Monday, 11 March 2013

South Dakota Adopts Law Allowing Armed Teachers at School

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In what activists called a victory for common-sense gun control reform, South Dakota became the first state since the massacre in a Newtown “gun-free zone” to adopt a law explicitly allowing trained teachers to carry weapons at school. Experts and supporters said the new law will help protect children and school staff in the state from potential mass-murderers. Gun rights activists, meanwhile, hope the measure signals a trend toward reasonable laws, as opposed to the wild assaults on the Second Amendment being sought by Obama and his allies.    

South Dakota Gov. Dennis Daugaard, a Republican, signed the bill into law on March 8, earning widespread praise from across the country. While the governor said he did not think many schools would take advantage of the option to allow specially trained teachers or volunteers to be armed, he was quoted in media reports saying it was important that the choice be available. The law will go into effect July 1 of this year.

“I think it does provide the same safety precautions that a citizen expects when a law enforcement officer enters onto a premises,” Gov. Daugaard told the New York Times, referring to the myriad safeguards in the new law aimed at ensuring proper training for armed teachers and other personnel. The governor also said that the new measures were more restrictive than those in other states that already allow guns in schools.

The South Dakota law states: “Any school board may create, establish, and supervise the arming of school employees, hired security personnel, or volunteers in such manner and according to such protocols as the board may believe to be most likely to secure or enhance the deterrence of physical threat and defense of the school, its students, its staff, and members of the public on the school premises against violent attack.” Personnel authorized to carry firearms on campus are to be known as “school sentinels,” according to the legislation.

The new law, which was backed by the National Rifle Association and other gun-rights groups, allows school districts and local law enforcement decide whether to have armed “sentinels” on school property to protect students. The measure also specifically ensures that no teacher or staff member can be required to carry a gun, and that school boards do not have to adopt the program if they choose not to. Education officials expressed mixed reactions, with some supporting the law and others speaking out against it.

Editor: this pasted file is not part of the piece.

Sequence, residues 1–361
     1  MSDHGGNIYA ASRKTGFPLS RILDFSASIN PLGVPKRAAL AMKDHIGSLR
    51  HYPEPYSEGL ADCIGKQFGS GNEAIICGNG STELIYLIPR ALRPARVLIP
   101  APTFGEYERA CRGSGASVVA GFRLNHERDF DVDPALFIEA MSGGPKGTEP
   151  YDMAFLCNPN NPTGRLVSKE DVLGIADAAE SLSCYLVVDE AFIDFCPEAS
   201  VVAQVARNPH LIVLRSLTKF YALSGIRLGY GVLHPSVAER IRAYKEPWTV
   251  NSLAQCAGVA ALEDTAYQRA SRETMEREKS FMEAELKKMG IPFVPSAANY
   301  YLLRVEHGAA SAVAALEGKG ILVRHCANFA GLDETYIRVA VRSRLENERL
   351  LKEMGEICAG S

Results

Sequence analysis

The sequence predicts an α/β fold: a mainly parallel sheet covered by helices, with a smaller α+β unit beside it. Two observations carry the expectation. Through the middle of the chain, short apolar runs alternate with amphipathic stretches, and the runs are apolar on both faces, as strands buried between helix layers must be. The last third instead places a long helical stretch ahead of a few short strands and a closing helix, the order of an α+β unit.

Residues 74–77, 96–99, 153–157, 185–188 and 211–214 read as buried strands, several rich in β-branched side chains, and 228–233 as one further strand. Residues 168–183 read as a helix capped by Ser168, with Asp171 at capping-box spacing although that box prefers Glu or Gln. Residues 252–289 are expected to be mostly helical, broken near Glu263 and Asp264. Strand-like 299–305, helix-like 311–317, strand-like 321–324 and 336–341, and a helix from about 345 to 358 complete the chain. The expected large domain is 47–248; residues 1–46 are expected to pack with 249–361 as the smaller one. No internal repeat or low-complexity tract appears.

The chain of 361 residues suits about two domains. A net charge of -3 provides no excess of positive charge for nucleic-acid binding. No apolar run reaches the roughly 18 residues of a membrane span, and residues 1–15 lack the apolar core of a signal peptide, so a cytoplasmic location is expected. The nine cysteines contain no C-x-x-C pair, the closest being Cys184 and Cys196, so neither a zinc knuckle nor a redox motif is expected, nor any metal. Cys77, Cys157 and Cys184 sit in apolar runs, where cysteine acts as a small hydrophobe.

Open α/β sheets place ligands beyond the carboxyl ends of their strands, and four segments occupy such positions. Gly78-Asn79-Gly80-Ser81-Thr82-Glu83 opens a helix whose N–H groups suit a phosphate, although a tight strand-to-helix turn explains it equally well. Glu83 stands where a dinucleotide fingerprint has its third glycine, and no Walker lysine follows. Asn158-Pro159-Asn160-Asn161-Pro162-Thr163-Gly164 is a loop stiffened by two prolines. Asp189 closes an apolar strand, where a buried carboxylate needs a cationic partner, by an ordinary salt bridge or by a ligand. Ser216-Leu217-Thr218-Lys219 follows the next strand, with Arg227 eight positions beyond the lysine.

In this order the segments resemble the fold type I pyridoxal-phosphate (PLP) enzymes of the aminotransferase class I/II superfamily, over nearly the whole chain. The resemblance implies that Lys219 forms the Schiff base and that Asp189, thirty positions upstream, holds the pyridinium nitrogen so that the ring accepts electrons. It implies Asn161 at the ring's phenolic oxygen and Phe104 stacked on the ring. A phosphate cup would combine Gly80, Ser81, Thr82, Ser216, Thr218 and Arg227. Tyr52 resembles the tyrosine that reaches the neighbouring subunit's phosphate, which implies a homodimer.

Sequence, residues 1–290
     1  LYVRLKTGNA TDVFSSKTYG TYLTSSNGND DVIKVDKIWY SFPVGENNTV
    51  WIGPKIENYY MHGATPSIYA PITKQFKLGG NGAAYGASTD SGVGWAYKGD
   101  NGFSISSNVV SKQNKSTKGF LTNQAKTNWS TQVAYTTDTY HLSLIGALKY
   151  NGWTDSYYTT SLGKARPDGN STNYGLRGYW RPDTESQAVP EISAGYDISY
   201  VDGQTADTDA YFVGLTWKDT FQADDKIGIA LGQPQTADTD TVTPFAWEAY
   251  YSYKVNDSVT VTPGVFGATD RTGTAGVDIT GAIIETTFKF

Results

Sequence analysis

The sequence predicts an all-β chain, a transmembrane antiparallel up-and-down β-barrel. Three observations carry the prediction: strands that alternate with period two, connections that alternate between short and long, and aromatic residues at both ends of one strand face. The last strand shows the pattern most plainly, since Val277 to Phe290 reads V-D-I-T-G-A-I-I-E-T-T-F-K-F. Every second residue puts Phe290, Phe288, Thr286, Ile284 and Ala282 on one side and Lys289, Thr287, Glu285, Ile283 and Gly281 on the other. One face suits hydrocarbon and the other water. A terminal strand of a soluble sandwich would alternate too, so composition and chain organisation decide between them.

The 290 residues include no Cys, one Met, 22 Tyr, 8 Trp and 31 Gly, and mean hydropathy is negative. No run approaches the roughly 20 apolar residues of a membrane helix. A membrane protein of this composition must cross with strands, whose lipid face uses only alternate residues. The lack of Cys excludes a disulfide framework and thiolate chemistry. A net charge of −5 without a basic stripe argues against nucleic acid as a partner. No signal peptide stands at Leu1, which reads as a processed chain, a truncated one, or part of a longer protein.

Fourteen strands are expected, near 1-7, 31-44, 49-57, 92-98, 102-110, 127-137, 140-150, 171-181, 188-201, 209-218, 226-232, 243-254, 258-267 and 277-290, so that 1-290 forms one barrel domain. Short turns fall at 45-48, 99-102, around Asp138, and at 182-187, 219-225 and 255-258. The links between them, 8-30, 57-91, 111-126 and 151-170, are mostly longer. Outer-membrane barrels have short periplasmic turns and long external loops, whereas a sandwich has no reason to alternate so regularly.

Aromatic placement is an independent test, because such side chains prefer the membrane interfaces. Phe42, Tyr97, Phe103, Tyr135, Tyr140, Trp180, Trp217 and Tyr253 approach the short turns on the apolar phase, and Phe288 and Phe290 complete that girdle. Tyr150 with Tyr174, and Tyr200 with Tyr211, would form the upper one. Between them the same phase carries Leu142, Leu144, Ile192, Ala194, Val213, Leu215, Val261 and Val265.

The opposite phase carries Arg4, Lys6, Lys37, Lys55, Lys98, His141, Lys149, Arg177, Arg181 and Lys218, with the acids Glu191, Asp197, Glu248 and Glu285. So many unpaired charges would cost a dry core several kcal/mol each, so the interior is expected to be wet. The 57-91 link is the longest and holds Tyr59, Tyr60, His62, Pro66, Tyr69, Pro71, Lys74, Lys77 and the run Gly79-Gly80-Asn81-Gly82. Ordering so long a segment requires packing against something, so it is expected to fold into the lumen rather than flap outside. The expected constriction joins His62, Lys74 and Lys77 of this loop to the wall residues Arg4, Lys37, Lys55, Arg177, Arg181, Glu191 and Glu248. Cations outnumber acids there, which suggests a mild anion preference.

Republican State Rep. Scott Craig, a pastor who sponsored the legislation in the South Dakota House of Representatives, told the New York Times he hoped the measure would shift the nationwide debate surrounding school safety. “Given the national attention to safety in schools, specifically in response to tragedies like in Connecticut, this is huge,” Rep. Craig said, adding that, hopefully, “dominoes will start to fall, people will see it’s reasonable, it’s safer than they think, it’s proactive and it’s preventive.”

Riding a tidal wave of support after the Newtown tragedy — some two dozen states have introduced similar legislation since the massacre — South Dakota lawmakers were able to overcome some minor opposition to the plan. Analysts and experts across the country have been pointing out that so-called “gun-free zones” are really just “magnets for mass-shooters,” calling on policymakers at all levels to adopt common-sense, constitutional plans to ensure that children are not defenseless targets at schools.

After the shooting in Connecticut, proponents of safer schools argued that banks, government officials, celebrities, and other potential targets are all protected by guns and armed personnel. School children throughout most of America, meanwhile — President Obama’s daughters not included, of course — are typically “protected” by signs reading “gun-free zone.” As countless commentators have pointed out, would-be mass-murderers are unlikely to be deterred by “gun-free zone” restrictions.     

During debate in South Dakota, proponents of the law repeatedly emphasized that no school district would be forced to implement a sentinel program, and that no teacher could be forced to carry a weapon without their consent. The certification training needed to become a “sentinel” is reportedly rigorous as well, helping to ease fears among well-intentioned anti-gun forces. Both houses of the legislature passed the bill overwhelmingly.